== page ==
Pocket Listing Suit Against NAR “Paused” For Settlement Talks

Key Takeaways:

– The antitrust lawsuit against the National Association of Realtors (NAR) over its pocket listing policy may be coming to a close if a settlement is reached.
– NAR was dismissed from the case “without prejudice,” meaning that the plaintiff, ThePLS.com, can decide to refile the claims against NAR later.
– ThePLS.com and the other defendants in the case have reached a settlement-in-principle, indicating that they have agreed on key terms of a deal.
– The case is currently inactive, and the parties have until Feb. 26 to either file a dismissal or reopen the case if a settlement is not completed.
– The PLS decided to temporarily dismiss NAR from the case to allow for discussions on a resolution, but they have the right to refile the case if no resolution can be achieved.
– NAR’s dismissal does not involve any payment or rule changes.
– The PLS, now known as The NLS, was founded by Mauricio Umansky and other top-producing agents at luxury brokerage The Agency.
– Umansky and Jason Haber have also launched a new NAR rival called the American Real Estate Association (AREA).
– The antitrust lawsuit against NAR is related to its Clear Cooperation Policy, which requires listing brokers to submit a listing to their MLS within one business day of marketing a property to the public.
– The PLS filed the lawsuit in May 2020, alleging that NAR and MLSs violated antitrust laws with the Clear Cooperation Policy.
– The case was initially dismissed but was overruled on appeal and returned to the lower district court.
– NAR is also facing a similar pocket listing case brought by Top Agent Network.

inman:

NAR was dismissed without paying any money or making any rule changes, but The PLS says it can reopen the case if they don’t come to a deal.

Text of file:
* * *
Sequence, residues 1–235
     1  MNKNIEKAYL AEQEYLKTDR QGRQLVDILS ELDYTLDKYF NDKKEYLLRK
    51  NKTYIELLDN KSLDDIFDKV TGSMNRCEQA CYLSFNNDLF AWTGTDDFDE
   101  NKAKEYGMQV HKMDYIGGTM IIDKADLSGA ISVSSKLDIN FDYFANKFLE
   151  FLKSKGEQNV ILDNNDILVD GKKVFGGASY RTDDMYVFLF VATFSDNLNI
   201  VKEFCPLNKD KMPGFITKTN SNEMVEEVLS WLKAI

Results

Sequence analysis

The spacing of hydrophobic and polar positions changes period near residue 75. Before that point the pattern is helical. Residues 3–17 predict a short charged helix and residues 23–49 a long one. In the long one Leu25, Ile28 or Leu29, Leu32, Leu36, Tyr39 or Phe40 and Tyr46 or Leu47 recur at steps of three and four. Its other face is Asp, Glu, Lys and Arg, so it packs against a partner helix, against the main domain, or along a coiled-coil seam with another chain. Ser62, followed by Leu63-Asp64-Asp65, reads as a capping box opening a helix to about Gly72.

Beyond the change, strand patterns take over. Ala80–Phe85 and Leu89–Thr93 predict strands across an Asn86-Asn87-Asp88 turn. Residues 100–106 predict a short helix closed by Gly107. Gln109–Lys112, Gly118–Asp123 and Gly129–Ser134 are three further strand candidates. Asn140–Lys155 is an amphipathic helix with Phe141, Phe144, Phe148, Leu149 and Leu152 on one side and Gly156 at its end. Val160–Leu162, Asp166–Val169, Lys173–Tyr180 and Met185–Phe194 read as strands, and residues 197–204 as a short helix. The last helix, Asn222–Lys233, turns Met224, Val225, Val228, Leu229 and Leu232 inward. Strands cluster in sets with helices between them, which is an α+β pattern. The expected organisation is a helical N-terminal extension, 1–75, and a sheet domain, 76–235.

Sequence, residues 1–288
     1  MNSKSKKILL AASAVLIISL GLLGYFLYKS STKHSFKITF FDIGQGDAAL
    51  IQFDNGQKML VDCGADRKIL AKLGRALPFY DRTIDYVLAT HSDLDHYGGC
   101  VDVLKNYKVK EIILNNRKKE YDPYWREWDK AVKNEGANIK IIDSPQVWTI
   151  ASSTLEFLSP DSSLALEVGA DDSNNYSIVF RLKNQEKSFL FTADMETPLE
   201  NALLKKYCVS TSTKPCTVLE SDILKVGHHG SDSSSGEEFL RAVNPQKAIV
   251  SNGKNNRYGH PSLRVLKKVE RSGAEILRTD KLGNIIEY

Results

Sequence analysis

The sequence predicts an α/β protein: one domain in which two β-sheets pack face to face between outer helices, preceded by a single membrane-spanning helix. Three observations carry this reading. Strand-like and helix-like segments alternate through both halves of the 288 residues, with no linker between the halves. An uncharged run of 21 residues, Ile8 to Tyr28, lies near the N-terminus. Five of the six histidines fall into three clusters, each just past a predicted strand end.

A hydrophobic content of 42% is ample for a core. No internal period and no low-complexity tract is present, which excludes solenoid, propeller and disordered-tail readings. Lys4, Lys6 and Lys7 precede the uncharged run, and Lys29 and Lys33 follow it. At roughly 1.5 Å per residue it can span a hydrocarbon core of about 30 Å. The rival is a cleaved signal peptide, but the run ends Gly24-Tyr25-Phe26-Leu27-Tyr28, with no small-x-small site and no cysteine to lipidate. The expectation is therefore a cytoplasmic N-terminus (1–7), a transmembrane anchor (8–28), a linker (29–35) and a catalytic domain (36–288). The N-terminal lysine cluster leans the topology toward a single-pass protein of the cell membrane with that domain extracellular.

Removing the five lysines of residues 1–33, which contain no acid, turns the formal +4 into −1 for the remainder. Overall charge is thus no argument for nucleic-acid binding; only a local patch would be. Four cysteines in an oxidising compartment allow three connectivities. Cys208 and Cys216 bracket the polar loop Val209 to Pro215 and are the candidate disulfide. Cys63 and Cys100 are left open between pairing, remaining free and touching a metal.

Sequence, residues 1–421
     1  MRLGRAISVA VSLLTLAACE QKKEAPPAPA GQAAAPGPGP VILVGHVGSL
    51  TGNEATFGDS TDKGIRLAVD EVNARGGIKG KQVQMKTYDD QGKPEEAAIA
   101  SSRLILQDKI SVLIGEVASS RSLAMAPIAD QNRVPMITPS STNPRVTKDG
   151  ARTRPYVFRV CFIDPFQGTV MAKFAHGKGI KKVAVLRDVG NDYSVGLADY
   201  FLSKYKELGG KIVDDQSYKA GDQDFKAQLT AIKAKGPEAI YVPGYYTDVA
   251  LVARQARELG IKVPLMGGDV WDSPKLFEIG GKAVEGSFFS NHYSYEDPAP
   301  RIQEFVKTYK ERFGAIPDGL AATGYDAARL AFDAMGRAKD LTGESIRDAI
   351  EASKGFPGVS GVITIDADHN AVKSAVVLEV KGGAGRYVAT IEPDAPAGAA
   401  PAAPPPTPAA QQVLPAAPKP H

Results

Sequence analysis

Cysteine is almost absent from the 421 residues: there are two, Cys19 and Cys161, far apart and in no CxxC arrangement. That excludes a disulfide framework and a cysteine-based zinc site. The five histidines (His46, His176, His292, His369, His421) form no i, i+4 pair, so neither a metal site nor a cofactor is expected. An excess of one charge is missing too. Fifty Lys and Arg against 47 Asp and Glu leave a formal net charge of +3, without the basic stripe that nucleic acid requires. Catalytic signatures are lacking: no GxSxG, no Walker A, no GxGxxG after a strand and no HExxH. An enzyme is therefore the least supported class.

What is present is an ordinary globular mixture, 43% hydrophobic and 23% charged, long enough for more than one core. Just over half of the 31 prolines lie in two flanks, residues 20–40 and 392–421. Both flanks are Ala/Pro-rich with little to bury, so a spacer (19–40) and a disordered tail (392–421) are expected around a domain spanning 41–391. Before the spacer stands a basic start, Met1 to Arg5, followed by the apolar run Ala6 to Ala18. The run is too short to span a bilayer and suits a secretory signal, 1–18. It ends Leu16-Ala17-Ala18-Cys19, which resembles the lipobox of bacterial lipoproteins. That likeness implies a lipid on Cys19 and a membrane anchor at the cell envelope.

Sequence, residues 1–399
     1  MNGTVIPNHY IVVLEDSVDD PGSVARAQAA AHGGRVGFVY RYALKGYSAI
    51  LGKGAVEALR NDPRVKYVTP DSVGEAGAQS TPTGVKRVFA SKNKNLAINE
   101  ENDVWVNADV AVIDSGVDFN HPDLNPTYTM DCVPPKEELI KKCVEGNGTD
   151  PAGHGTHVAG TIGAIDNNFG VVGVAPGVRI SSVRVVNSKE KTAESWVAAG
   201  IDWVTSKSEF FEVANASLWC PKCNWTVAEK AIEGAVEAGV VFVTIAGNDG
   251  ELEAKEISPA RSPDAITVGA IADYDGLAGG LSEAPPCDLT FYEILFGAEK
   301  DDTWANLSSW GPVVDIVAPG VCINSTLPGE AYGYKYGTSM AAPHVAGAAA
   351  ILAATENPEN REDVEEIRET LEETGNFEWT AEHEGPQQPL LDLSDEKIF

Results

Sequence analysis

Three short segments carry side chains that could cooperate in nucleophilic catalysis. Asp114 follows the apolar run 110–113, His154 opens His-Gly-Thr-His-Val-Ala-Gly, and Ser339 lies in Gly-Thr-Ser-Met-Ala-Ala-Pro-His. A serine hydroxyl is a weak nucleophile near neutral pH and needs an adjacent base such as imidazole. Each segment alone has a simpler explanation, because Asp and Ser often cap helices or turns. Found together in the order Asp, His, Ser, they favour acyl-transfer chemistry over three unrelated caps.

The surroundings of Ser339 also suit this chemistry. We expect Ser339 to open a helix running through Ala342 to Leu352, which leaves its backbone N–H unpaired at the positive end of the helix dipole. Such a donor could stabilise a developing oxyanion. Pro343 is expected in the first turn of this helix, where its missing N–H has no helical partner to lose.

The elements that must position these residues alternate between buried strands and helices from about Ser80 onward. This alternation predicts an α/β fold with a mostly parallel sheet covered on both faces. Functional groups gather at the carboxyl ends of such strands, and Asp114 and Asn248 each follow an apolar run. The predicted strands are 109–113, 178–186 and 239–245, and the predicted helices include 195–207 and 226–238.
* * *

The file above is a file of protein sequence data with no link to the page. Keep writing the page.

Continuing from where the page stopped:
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An antitrust lawsuit filed nearly four years ago against the National Association of Realtors over its pocket listing policy may be coming to a close — but only if the case settles.

On Friday, Jan. 26, attorneys for NAR and plaintiff ThePLS.com informed the U.S. District Court of the Central District of California’s Western Division that NAR was dismissed as a defendant in the case “without prejudice,” meaning that The PLS could decide to refile its claims against NAR later.

Two days before, The PLS and the other defendants in the case — California Regional MLS (CRMLS), Bright MLS and Midwest Real Estate Data (MRED) —  told the court they had reached a settlement-in-principle of all claims between them, meaning they had agreed on key terms of a deal.

The case is currently in inactive status, and the parties have until Feb. 26 to either file a dismissal of the case or a motion to reopen the case if a settlement is not completed.

In a statement, The PLS co-founder Christopher Dyson told Inman that NAR’s loss at trial in a case known as Sitzer | Burnett, and an ever-rising pile of similar commission-related antitrust lawsuits, influenced The PLS’s decision to, at least temporarily, dismiss NAR from the case.

Christopher Dyson of The Agency. Credit: The Agency

“With the Burnett result, and similar cases hanging over the head of NAR, ThePLS.com thought it prudent to pause its action against NAR to give the parties an opportunity to discuss a resolution of the issues at the core of the PLS’s lawsuit,” Dyson said.

“However, if no resolution of the issues presented in the lawsuit can be achieved with NAR, ThePLS.com has the right to refile the case — as NAR has already stated.”

At the Sitzer | Burnett trial, a jury found that NAR and franchisors Anywhere, Keller Williams, RE/MAX, HomeServices of America and two of its subsidiaries, BHH Affiliates and HSF Affiliates, had conspired to inflate broker commission rates paid by homesellers. The jury awarded $1.78 billion in damages to a class of approximately 500,000 Missouri homeowners. If that jury award stands, it will be automatically trebled by law to more than $5.3 billion.

Mantill Williams

In a statement, NAR spokesperson Mantill Williams indicated that NAR’s dismissal from the pocket listing case was made without any money changing hands and without requiring any policy changes from the 1.5-million-member trade group.

“NAR is pleased that PLS decided to dismiss this long-pending litigation without NAR making any payment or rule change,” Williams said.

The PLS, which became The NLS in 2022, was founded by Mauricio Umansky, CEO and founder of luxury brokerage The Agency, along with Chris Dyson, James Harris and David Parnes, top-producing agents at The Agency. ThePLS.com has several owners: FASP Realty, Midnight Capital, Harris Family Trust, David Parnes Living Trust, Green Collective and Sidehill Ventures.